It is doubtful whether in a Union of 25 unanimity will offer a practicable means of agreeing measures in the social policy field.

9.  The Government considers that qualified majority voting and co-decision should be the general voting arrangement for Union decision-making in what is now the first pillar, except in areas of vital national interest, where unanimity should apply. The Government believes that this exception should operate in remaining areas of the social and employment fields where unanimity currently applies, in order to respect the diversity of national traditions in Member States.

10. The Government disagrees with the analysis that unanimity will block decision-making in a Union of 25. The power of veto for selected areas of social and employment policy is used sparingly and responsibly by existing Member States, and the Government sees no reason why this situation should not continue in an enlarged Union. Furthermore, new arrangements are envisaged in the post-enlargement Council to facilitate compromise solutions, particularly in areas where unanimity applies. These arrangements are likely to include enabling increased collaboration between like-minded Member States. Also, the Government believes that the amendments introduced by the Nice Treaty in this area, including provisions to allow the Council to move by unanimous decision to qualified majority voting in certain areas of social and employment policy, should be fully tested before considering extending qualified majority voting.

11. Finally, paragraph 19 of the Committee's Report discusses whether unanimity has been a bar to the adoption of legislation in the social policy field. In his evidence to the Committee, Mr Hain cited Regulation 1408/71, which relates to social security, as one example of legislation adopted under unanimity. The Report is critical of this example, as it notes that the original Regulation was adopted over 30 years ago when there were six Member States in the European Community. However the Regulation has been annually updated since 1971 and nowadays is updated by unanimity in a Union of 15. The Commission's recent proposal to extend the legislation to third country nationals was scrutinised and adopted within four months of its being presented on a legal base acceptable to all Member States. The Government therefore does not believe that unanimity delays or impedes decision-making in the social and employment fields.

National parliaments should have an opportunity to scrutinise action taken under the Open Method of Co-ordination at an early stage in the process.

12. The Government welcomes the Committee's interest in the Open Method of Co-ordination. It agrees on the importance of national parliaments being fully involved in scrutinising developments under the Open Method of Co-ordination. The Government takes note of the Committee's views on scrutiny by national parliaments and will bear these in mind in further discussions on the Open Method of Co-ordination in the Convention and the Intergovernmental Conference. Once the most appropriate means of dealing with the Open Method of Co-ordination into the Treaty has been agreed, the Government will return to the Committee's specific suggestion that a procedure should be developed to enable full parliamentary scrutiny of processes under the Open Method of Co-ordination. The specific nature of any procedure developed for the UK Parliament will depend on the nature of any Treaty reference that is finally agreed.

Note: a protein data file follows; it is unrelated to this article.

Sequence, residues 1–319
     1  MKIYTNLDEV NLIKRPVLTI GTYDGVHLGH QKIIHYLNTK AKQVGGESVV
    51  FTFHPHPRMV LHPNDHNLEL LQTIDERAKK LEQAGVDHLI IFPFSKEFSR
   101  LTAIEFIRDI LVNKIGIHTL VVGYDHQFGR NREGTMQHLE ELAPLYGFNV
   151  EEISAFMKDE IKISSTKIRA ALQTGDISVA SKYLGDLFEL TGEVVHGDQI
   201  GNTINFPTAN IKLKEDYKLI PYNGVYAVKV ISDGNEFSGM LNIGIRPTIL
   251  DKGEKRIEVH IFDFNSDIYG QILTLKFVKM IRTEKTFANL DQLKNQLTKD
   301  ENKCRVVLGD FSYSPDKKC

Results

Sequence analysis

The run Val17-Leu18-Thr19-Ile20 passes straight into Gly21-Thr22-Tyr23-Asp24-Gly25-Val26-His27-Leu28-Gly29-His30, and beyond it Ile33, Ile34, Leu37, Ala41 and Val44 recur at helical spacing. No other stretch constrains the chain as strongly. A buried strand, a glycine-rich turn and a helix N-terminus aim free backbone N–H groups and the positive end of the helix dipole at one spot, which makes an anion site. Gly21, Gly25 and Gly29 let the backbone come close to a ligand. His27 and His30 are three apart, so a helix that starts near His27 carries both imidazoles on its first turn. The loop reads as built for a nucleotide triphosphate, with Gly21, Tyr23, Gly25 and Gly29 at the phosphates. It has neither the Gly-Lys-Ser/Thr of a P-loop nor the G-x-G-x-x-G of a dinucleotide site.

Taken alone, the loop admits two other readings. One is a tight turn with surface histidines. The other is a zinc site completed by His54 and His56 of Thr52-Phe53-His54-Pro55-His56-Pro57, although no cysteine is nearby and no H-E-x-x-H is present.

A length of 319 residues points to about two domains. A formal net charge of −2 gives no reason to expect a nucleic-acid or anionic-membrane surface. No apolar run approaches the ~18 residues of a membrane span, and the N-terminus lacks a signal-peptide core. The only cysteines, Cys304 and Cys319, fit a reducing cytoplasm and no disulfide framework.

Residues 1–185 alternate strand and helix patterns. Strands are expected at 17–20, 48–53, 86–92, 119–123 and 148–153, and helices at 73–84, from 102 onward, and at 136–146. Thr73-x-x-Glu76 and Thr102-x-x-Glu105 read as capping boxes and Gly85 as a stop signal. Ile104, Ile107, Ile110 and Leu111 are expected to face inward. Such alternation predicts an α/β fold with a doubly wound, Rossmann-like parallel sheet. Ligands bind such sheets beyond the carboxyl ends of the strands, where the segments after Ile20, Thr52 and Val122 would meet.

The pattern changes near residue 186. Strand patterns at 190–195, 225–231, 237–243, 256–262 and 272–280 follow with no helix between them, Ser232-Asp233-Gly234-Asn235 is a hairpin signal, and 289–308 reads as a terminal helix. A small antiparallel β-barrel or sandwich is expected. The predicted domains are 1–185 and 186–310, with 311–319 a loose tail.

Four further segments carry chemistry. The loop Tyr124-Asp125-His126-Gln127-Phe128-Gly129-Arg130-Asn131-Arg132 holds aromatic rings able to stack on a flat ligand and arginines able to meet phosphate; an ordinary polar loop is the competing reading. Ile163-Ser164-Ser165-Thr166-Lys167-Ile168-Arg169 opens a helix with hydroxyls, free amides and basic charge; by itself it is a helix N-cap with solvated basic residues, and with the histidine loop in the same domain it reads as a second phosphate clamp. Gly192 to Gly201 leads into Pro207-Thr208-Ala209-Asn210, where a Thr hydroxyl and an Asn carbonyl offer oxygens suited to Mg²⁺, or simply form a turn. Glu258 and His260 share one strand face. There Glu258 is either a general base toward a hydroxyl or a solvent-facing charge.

There would be advantage in giving the Open Method of Co-ordination a Treaty base, provided that it does not reduce the present flexibility of its application.

13. The Government would not be opposed to giving the Open Method of Co-ordination a Treaty base, as long as doing so allows flexibility of its application.

If the social partners and civil society are to be given a greater role in the decision-making of the Union, a number of important issues need to be clarified.

14. The Committee highlights that the report of the Social Europe working group suggests that the role of the social partners should be "facilitated and enhanced", but that the report does not specify the means for doing so. The Committee also suggests that issues such as the definition, role and representation of civil society should be clarified.

15. The Government recognises the key role played by the social partners in the social and employment policy fields. However the Government does not consider that further procedures or powers are needed to facilitate or enhance the social dialogue.

16. The Government acknowledges the important involvement of civil society organisations in the social policy arena and is pleased that that this has already been recognised in the draft Treaty. The Government considers that Article 34 of Part I of the draft Treaty (on "the principle of participatory democracy") provides an appropriate means of recognising the dialogue between the Union's institutions and civil society. The Government does not believe that further definition of civil society in the Treaty (such as setting out prescribed roles) is necessary.

Any amendment of Article 16 EC relating to services of general interest would be fraught with difficulty.

17. The Government agrees. It also agrees with the Committee's suggestion that a better approach than revising Article 16 of the EC Treaty would be to support the Commission's strategy of using Communications which clarify the position in general terms and propose Community action only where there is consensus on the need for further clarification of the policy for services of general interest.

141   Government Response dated 11 June 2003.  Back